Posts Tagged ‘concept graph’

metaStudio for semantic networks and concept maps

February 18, 2013

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This is the second post on metaStudio featuring the special features of gnowsys-studio.

The site allows collaborative construction of semantic networks between the wiki pages.  Users can define and use the relations between pages.  The graph produced is published in SVG which allows navigation of the graph by mouse click.  When Control + Click is used the graph reloads on the same page showing the additional nodes in the neighbourhood of the selected node. This way, a merged graph can be created.   Explore more pages at the site.

 

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Saturation in the scale-free dependency networks of free software

February 3, 2009

As reported in my previous post on Debian Dependency Maps we started to study the properties of dependency relation and the kind of networks the relation can generate.  One preliminary study we (me along with Arnab K. Ray and Rajiv Nair) posit a  nonlinear model for the global analysis of data pertaining to the semantic network of a complex operating system (free and open-source software). While the distribution of links in the dependency network of this system is scale-free for the intermediate nodes, we found that the richest nodes deviate from this trend, and exhibit a nonlinearity-induced saturation effect. This also distinguishes the two directed networks of incoming and outgoing links from each other. The initial condition for a dynamic model, evolving towards the steady dependency distribution, determines the saturation properties of the mature scale-free network.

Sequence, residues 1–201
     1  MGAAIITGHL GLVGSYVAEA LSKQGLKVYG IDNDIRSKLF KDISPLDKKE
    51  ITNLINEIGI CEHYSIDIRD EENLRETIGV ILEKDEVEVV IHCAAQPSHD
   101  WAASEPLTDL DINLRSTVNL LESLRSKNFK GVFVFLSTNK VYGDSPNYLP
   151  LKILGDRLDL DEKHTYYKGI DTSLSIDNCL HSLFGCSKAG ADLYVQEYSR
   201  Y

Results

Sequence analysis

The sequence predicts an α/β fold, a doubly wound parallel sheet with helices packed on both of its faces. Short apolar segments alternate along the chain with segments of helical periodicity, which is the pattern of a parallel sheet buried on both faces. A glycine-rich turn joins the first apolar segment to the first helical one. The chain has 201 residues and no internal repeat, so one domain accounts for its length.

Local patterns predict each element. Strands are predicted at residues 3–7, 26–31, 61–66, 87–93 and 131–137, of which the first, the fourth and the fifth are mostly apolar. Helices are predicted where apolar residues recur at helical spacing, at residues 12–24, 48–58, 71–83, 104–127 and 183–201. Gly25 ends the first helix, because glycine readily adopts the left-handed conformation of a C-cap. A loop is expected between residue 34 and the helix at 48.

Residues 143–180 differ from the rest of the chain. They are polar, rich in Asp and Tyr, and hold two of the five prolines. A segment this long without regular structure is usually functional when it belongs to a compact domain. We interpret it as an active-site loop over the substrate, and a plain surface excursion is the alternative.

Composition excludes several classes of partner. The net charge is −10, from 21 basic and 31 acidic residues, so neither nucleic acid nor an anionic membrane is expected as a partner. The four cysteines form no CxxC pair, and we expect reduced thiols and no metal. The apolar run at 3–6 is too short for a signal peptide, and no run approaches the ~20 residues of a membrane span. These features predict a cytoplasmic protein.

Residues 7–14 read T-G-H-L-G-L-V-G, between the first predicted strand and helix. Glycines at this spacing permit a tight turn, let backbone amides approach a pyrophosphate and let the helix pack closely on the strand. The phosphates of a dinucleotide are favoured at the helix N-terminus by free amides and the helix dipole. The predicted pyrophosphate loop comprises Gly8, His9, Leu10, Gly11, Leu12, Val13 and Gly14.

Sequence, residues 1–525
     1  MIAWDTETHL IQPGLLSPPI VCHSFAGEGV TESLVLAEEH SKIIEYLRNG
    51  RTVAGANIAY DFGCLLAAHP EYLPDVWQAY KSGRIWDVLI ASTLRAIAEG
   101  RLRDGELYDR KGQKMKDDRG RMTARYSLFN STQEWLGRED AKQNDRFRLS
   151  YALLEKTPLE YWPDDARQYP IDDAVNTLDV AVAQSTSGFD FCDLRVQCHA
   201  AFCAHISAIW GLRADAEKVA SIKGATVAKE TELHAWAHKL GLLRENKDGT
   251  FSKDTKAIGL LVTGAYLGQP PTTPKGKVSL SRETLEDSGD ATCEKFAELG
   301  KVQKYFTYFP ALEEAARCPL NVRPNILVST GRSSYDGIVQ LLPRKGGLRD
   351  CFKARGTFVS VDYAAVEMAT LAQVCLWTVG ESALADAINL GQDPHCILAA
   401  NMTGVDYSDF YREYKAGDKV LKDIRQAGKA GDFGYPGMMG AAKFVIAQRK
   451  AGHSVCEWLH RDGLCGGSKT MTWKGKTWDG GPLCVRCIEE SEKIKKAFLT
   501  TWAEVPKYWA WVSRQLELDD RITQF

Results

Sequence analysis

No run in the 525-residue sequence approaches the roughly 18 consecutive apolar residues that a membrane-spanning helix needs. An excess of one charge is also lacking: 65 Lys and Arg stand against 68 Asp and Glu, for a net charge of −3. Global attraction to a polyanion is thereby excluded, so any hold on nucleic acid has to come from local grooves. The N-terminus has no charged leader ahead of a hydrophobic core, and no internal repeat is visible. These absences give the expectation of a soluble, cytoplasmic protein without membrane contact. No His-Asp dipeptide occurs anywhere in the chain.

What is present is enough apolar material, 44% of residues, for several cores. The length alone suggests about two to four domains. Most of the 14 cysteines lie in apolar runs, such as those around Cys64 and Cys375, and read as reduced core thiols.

Here I give some of the motivations on conducting this study and some conclusions.
The full paper with all the technical details is uploaded at arxiv.org.

Scale-free distributions in complex networks have been very well studied by now. The ubiquity of scale-free properties is quite noteworthy, and spans across vastly  diverse domains like (to name a few) the World Wide Web and the Internet, the social, ecological, biological and linguistic networks, income and wealth distributions, trade and business networks, and semantic networks.

It should occasion no surprise, therefore, that further developments have led to the discovery of scale-free features in the architecture of computer software as well. A recent
work  has shown that the structure of object-oriented software is a heterogeneous network characterised by a power-law distribution.  More in keeping with the purpose of this present paper, an earlier work on complex networks in software engineering had found evidence of power-law behaviour in the inter-package dependency networks in free and open-source software (FOSS).  It is a matter of common knowledge that when it comes to installing a software package from the  Debian GNU/Linux repository, many other packages — the “dependencies” — are also called for as prerequisites. This leads to a network of these dependencies, and every such package may be treated as a node in a network of dependency relationships. Each dependency relationship connecting any two packages (nodes) is treated as a link (an edge), and every link establishes a relation between a prior package and a posterior package, whereby the functions defined in the
prior package are called in the posterior package. This enables reuse (economy) of functions and eliminates duplicate development. As a result the whole operating system emerges as a coherent and stable semantic network. However, unlike other semantic networks, the network of nodes in the Debian repository is founded on a single relation spanning across all its nodes: Y depends on X; its inverse, X is required for Y .